The Virginia Blue Ridge Railway Trail is one of the most beautiful rail-trail experiences you’ll find in Virginia. The trail is located in Central Virginia, just a little less than an hour from both Lynchburg and Charlottesville. The leisurely seven mile trail covers diverse and beautiful landscapes. Unique historical sites are stationed along the way, and hikers will be sure to see remnants of the old train.
What now stands as a beautiful and scenic hiking trail in central Virginia began as the dream of a local group of citizens. They saw great potential in the abandoned railway and wished to have it converted into a hiking trail. Thus the Virginia Blue Ridge Railway Trail Foundation, Inc. was formed.
In its day, the Virginia Blue Ridge Railway was once the longest-running commercial short line in the country’s history. The company was founded in 1914 and construction began at the Tye River Depot in Nelson County. The structure of the railroad would follow along both the Tye and Piney Rivers before it headed into mountain territory. Until World War I, the railway was largely used to transport chestnut and lumber to nearby mills. Later, the trail would be used to service quarries.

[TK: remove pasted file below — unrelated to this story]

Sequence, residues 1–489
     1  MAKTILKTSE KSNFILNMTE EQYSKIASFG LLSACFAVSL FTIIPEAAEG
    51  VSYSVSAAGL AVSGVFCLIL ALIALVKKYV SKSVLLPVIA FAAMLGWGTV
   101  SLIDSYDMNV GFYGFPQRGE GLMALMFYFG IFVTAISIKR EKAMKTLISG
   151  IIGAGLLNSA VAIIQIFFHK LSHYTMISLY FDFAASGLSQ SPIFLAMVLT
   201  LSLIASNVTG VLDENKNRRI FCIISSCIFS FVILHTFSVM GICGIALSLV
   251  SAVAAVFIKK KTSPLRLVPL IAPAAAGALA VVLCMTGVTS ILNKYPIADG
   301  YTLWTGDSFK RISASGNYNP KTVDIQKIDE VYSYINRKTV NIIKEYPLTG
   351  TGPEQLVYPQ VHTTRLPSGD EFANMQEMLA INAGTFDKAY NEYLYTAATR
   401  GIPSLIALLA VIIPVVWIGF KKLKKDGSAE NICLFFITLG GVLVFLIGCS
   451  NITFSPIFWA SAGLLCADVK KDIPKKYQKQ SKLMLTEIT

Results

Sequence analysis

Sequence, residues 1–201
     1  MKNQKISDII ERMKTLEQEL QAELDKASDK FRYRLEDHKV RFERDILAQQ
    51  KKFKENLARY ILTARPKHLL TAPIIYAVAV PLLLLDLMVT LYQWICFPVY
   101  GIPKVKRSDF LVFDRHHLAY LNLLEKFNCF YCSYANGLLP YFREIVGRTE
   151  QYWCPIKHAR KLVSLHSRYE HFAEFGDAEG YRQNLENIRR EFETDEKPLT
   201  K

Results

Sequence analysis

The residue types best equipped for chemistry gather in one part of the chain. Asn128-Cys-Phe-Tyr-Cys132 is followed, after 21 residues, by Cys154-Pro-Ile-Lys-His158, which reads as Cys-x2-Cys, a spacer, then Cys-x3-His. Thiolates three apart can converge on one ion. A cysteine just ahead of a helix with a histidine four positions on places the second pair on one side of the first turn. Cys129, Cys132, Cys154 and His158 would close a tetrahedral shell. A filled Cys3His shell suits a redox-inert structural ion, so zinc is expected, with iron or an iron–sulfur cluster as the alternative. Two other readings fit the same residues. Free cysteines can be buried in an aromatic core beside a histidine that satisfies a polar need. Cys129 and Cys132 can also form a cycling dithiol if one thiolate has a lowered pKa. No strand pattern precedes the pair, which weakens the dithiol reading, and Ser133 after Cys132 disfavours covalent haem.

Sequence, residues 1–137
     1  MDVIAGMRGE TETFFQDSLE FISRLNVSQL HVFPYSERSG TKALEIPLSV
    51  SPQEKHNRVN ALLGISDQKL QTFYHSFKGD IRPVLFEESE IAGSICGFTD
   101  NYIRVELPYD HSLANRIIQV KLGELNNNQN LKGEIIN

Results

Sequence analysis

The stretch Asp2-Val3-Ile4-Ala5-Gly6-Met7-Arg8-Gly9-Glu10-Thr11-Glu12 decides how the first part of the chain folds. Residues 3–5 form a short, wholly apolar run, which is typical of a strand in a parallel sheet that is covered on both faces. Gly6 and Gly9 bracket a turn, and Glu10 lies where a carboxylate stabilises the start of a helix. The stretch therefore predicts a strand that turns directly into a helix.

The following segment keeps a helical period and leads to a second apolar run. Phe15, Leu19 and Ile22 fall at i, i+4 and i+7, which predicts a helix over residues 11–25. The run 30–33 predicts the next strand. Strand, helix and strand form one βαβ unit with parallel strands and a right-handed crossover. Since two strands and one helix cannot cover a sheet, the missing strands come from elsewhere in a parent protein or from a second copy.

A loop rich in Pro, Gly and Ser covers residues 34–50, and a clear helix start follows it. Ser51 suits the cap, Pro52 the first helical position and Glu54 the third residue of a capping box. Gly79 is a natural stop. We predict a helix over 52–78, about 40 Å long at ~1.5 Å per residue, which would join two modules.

By 1980, the Blue Ridge Railway had become completely abandoned and would remain that way until it was later developed for the rail-to-trails project. It took nearly 6 years of planning, working, and fund-raising, but efforts from the foundation proved successful. By June 2003, the first phase of the trail was opened to the public. This included nearly 2 miles of trail surfaces and renovation of the railway bridge. Photographed above is the exquisite river scenery that follows alongside the walkway.
Today the completed trail provides an incredible glimpse into the natural landscape as well as the historical influence of the original train line. Visitors can enjoy hiking, biking, and even horseback riding. The trail can be accessed from either Piney River Trailhead (on Patrick Henry Highway) or the Roses Mill trailhead (State Route 674).